A sub-genre of the fantasy or science fiction genres, the lost world involves the discovery of an unknown world out of time, place, or both. It began as a sub-genre of late-Victorian adventure romance and gained popularity into the 21st century.
Due to the remnants of lost civilizations being discovered around the world, such as the tombs of Egypt’s Valley of the Kings, the semi-mythical stronghold of Troy, the jungle-shrouded pyramids of the Maya, and the cities and palaces of the empire of Assyria the genre rose in popularity. Between 1871 and the First World War, the number of published lost world narratives, dramatically increased. The genre also has similar themes to “mythical kingdoms”, such as El Dorado.
For example, the now famous Journey to the Center of the Earth by Jules Verne (1820), has long been hailed at the ultimate lost world novel, however, King Solomon’s Mines by H. Rider haggard (1885) was considered the first-world narrative. This book was followed by The Man Who Would be King by Rudyard Kipling (1888) and The Lost World by Arthur Conan Doyle (1912). The name Shangri-La was first introduced by James Hilton in his novel, Lost Horizon in 1933, this meme has become synonymous with lost world narratives as the idealization of a lost world.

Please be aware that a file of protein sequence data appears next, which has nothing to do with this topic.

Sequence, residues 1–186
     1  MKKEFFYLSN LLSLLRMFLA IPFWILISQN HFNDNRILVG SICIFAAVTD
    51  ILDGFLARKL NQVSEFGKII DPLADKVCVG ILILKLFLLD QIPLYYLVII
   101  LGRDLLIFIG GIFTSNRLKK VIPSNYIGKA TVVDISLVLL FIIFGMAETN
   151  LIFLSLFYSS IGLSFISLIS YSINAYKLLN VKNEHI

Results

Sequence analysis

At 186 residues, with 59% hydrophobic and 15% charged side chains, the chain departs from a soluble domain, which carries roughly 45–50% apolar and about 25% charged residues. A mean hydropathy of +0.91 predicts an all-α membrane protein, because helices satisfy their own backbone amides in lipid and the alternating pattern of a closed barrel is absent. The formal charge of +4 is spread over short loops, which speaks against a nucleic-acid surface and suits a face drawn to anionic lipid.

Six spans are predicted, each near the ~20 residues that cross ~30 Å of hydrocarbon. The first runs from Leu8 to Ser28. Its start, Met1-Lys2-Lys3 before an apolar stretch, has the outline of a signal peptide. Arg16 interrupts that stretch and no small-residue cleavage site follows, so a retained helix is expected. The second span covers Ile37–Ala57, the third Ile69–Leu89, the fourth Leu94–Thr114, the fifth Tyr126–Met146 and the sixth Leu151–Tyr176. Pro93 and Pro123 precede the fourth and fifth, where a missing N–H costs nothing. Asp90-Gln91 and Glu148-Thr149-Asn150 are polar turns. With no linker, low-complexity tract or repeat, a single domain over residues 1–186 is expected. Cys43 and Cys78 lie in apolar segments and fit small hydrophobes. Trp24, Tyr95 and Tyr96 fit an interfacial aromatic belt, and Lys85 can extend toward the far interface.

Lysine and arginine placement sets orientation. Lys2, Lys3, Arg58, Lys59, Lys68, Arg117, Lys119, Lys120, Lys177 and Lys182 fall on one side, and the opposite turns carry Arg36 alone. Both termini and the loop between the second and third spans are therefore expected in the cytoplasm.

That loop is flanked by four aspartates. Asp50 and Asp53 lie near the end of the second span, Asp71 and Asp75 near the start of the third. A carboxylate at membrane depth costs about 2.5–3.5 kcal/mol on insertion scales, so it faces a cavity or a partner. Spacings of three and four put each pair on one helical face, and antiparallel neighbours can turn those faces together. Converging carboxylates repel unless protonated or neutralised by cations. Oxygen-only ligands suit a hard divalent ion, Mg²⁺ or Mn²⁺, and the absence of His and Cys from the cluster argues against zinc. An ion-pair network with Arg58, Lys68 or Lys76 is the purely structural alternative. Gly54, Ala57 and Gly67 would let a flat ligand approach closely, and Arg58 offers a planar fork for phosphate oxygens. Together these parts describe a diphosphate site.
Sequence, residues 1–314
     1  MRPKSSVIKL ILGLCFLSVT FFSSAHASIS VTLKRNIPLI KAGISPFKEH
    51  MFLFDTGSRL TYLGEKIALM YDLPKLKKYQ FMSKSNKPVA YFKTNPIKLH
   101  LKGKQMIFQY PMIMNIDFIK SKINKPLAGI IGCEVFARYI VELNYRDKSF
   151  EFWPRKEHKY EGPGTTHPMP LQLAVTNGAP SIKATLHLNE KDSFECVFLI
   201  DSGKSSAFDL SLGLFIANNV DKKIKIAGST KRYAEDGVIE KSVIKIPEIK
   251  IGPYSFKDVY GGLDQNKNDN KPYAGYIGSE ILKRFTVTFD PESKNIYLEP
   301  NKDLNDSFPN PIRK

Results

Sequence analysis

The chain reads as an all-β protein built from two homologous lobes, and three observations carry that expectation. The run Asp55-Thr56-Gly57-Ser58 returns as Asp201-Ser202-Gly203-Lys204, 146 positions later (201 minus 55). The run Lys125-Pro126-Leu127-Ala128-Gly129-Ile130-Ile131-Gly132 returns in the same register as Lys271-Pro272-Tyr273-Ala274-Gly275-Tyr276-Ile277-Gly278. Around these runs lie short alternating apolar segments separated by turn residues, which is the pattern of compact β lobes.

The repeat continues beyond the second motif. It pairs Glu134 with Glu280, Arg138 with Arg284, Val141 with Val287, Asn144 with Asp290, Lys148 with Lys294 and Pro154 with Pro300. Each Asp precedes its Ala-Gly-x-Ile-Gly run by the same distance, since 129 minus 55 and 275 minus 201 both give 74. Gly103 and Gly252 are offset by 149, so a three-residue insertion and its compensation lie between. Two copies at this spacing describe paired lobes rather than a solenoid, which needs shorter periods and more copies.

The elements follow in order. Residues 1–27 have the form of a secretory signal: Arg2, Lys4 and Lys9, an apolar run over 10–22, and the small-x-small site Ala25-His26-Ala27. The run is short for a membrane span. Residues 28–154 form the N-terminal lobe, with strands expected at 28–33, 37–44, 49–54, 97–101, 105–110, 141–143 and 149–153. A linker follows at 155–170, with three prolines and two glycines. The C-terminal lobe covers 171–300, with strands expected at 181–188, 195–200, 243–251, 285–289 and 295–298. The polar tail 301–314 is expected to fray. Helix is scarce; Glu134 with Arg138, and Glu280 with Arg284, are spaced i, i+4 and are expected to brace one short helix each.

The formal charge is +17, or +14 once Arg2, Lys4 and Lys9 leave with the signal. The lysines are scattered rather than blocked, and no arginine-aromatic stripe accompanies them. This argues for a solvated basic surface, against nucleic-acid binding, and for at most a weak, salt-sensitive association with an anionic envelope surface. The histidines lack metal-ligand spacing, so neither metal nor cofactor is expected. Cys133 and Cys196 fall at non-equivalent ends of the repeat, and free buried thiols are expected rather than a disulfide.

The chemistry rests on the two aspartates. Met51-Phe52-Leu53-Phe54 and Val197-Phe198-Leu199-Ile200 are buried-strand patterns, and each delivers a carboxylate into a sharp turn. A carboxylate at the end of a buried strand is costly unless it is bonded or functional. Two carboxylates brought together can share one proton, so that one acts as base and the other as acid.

Topics within these narratives ranged from winged people on an isolated island surrounded by high cliffs, the hollow earth, surviving pockets of prehistoric species, and humans living alongside living dinosaurs. Today with most of the planet explored the narratives are turning to space.
Do you write or read lost world fiction?
Which one is your favorite?